Pirates of the Caribbean director Gore Verbinski was at one point attached to direct a BioShock feature film. For a number of reasons, unfortunately, the film never happened. Now, the director has revealed that his version of the movie was in fact canceled just eight weeks before it was set to start production.
In a Reddit AMA this week promoting his new movie, A Cure For Wellness, Verbinski revealed this and spoke about why his version of BioShock movie was ultimately canned.
“I wanted to keep it R-rated; I felt like that would be appropriate, and it’s an expensive movie,” he said. “It’s a massive world we’re creating and it’s not a world we can simply go to locations to shoot. [For] A Cure For Wellness, we were able to really utilize a variety of location to create the world. Bioshock wouldn’t work like that; we’d be building an entire underworld universe.“
“So I think the combination of the price tag and the rating, [film company Universal] just didn’t feel comfortable ultimately,” he explained, resonating what he stated years ago.
Verbinski went on to say in the AMA that, at the time, there were other R-rated movies that did not perform well. This might have made Universal even more wary about greenlighting the BioShock film.
Though the BioShock movie is showing no signs of starting again, Verbinski said “things have changed” as it relates to successful R-rated movies, so “maybe there will be another chance.” Another director might have to step in, as Verbinski stated it would be emotionally difficult for him to return.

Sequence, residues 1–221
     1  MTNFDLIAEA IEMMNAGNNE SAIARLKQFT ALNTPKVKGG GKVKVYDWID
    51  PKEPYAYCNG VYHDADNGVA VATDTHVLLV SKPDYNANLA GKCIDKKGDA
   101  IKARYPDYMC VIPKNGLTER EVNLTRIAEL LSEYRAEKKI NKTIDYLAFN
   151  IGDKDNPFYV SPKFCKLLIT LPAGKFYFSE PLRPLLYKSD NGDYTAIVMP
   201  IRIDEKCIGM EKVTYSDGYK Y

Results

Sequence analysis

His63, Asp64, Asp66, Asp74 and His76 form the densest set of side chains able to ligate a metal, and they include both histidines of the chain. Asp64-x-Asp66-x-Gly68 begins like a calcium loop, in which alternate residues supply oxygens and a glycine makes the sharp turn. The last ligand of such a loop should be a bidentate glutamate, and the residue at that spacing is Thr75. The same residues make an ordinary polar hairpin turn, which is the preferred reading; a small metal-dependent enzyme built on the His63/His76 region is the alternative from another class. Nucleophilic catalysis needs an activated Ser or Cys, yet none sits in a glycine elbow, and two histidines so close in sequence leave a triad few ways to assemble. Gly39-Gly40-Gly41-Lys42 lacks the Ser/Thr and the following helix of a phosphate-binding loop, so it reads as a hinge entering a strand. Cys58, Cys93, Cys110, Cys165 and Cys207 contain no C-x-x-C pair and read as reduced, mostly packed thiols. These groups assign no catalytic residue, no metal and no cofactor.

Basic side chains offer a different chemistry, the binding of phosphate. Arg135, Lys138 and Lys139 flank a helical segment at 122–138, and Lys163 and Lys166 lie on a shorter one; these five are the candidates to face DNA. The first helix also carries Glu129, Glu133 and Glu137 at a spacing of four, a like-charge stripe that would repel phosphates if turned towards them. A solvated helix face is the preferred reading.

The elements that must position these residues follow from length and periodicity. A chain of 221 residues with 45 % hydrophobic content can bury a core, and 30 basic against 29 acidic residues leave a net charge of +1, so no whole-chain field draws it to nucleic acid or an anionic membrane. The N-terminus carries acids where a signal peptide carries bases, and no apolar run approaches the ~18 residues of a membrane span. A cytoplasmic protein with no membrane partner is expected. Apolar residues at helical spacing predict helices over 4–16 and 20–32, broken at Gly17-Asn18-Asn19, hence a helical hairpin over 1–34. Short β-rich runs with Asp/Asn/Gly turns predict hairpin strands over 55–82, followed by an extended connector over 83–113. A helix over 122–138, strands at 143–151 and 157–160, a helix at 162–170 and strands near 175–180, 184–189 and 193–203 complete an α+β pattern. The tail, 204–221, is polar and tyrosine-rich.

“It’s very difficult when you’re eight weeks away from shooting a movie you really can see in your head and you’ve almost filmed the entire thing,” he said. “So emotionally you’re right at that transition from architect to becoming a contractor and that will be a difficult place to get back to.“
In 2011, Verbinski said the BioShock movie’s budget would only be approved for a watered-down PG-13 take on the material, a compromise he felt was unacceptable. After Verbinski dropped out, a new director, Carlos Fresnadillo (28 Weeks Later), was brought on, but he eventually exited the project as well.
BioShock creator Ken Levine said in 2013 that BioShock rights-owner Take-Two gave him creative control over the movie. It was his decision alone to kill the second iteration of the film; he did so because he “didn’t see a match” with the new director, presumably a reference to Fresnadillo.
The BioShock series was created by Irrational Games, a Boston-based studio that effectively closed in 2014. Development on the series is now in the hands of 2K Marin in California. The latest installment in the series was BioShock: The Collection, a compilation pack that features updated versions of BioShock, BioShock 2, and BioShock Infinite.
No new entries in the series have been announced. Last year, Take-Two CEO Strauss Zelnick said BioShock has not reached its creative or commercial peak yet, so that sounds like more games will be released eventually.
As for Levine, he is working on a “highly creative and innovative” game for Take-Two that has yet to be announced.
Be sure to checkout our homepage and follow us on Facebook & Twitter. Always check back with Boom Howdy for more up-to-date news, reviews & podcasts!